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Chinese premier explains policies amid economic pressure, Ukraine crisis

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By Sadia Khan

Chinese Premier Li Keqiang on Friday briefed reporters on China’s policies to grow its economy amid a prolonged pandemic and the country’s stance on the Ukraine crisis and its relations with the United States.

Li answered 13 questions at a press conference in Beijing after the closing of the fifth session of the 13th National People’s Congress, China’s top legislature. More than half of the questions focused on Beijing’s approaches to address economic and social challenges brought or exacerbated by COVID-19.

‘Ambitious’ growth target

China has set its economic growth target at around 5.5 percent for 2022, which Li described as “ambitious,” given the new downward pressure faced by the world’s second-largest economy.

An increase of around 5.5 percent on the basis of a gross domestic product (GDP) of over 110 trillion yuan (about $17.4 trillion) would generate the amount of output equivalent to the size of a medium economy, he said

China will increase government spending and extend tax and fee cuts to enable steady growth, said the premier. He expressed confidence that the economy will be able to overcome difficulties and achieve major development objectives this year.

He underscored efforts made by the Chinese government to streamline administration, delegate power and improve regulation and services in recent years, vowing to spur the vitality of market entities through reforms

China will continue to make its COVID-19 response more scientific and targeted based on the epidemic situation and new developments and features of the virus, he said.

Commenting on the latest resurgence of COVID-19 in the Hong Kong Special Administrative Region (HKSAR), he urged the HKSAR government to assume primary responsibility in containing the virus and reaffirmed the central government’s full support for the fight.

China to play positive role for peace in Ukraine

China supports all efforts to resolve the Ukraine crisis by peaceful means, and is willing to work with the international community to play a positive role for an early return of peace in the country, Li said.

Russia and Ukraine have held three rounds of peace talks and a meeting between their foreign ministers since Moscow launched a “special military operation” in Ukraine on February 24, without achieving any major breakthrough.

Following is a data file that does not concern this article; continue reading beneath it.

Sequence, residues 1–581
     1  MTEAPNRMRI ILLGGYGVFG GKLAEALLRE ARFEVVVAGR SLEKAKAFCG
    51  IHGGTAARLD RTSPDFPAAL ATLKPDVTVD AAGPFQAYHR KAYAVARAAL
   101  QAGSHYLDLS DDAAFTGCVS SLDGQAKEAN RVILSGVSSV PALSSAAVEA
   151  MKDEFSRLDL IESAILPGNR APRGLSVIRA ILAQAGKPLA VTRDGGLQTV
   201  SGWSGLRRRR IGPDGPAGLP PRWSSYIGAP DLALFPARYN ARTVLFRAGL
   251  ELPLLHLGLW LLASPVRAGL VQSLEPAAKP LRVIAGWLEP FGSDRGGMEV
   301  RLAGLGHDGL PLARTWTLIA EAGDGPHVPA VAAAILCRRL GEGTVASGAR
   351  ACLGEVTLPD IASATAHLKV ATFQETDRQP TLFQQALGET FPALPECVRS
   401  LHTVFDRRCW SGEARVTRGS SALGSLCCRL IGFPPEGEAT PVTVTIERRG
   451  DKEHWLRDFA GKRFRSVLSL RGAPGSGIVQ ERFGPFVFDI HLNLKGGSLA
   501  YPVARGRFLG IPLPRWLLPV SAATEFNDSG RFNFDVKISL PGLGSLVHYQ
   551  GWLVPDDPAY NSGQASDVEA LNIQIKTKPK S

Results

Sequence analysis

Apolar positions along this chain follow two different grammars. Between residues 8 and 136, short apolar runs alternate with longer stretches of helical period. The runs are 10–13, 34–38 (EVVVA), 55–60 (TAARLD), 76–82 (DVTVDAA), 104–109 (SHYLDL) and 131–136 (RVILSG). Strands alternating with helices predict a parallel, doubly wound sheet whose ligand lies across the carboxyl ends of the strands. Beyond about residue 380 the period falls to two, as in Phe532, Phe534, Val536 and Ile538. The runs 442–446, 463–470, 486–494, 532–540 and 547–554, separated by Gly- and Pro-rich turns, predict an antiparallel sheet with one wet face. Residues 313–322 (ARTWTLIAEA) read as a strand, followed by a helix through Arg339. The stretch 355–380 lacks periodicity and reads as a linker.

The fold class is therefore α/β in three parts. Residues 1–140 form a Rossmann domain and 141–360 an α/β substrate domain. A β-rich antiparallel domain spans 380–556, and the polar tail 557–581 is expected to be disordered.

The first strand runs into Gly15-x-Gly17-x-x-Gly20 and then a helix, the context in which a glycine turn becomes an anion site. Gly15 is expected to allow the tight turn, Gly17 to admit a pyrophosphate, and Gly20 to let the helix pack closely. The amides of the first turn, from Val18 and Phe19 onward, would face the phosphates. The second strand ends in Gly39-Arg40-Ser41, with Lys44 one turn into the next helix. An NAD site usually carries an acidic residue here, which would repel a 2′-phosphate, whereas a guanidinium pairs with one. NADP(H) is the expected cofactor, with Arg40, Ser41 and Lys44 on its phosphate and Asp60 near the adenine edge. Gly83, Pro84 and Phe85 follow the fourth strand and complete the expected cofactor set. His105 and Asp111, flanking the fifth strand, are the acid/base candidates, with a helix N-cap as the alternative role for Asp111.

Li called for utmost efforts to support Russia and Ukraine in overcoming difficulties to carry forward ceasefire negotiations. He stressed that the pressing task now is to prevent tension from escalating or even getting out of control.

China has provided Ukraine with humanitarian assistance and will continue to do so, he added.

The Red Cross Society of China sent the first batch of humanitarian aid supplies worth 5 million yuan (about $791,000) to Ukraine earlier this week.

Calling the current situation in Ukraine “disconcerting,” Li reiterated China’s stance that the sovereignty and territorial integrity of all countries should be respected, the purposes and principles of the United Nations Charter should be fully observed, and the legitimate security concerns of all countries should be taken seriously.

China, U.S. competition should be healthy

Li said China-U.S. cooperation benefits both countries and the world, calling for more dialogue and communication between the two sides.

China and the U.S. are both permanent members of the UN Security Council, and are the world’s largest developing country and developed country respectively, he noted, adding that tackling global challenges requires joint efforts and cooperation of both countries.

“Cooperation should be the mainstream because global peace and development hinge on cooperation,” Li said. Even if there is market competition between the two countries in economy and trade, it should be healthy and fair, he stressed.

Bilateral cooperation has extensive areas and much untapped potential, he said. If the U.S. eases its export restrictions on China, trade volume of both countries will be even bigger and thus both sides will get benefits, he added.

The premier also reiterated commitment to the one-China principle and opposition to separatist activities seeking “Taiwan independence.”

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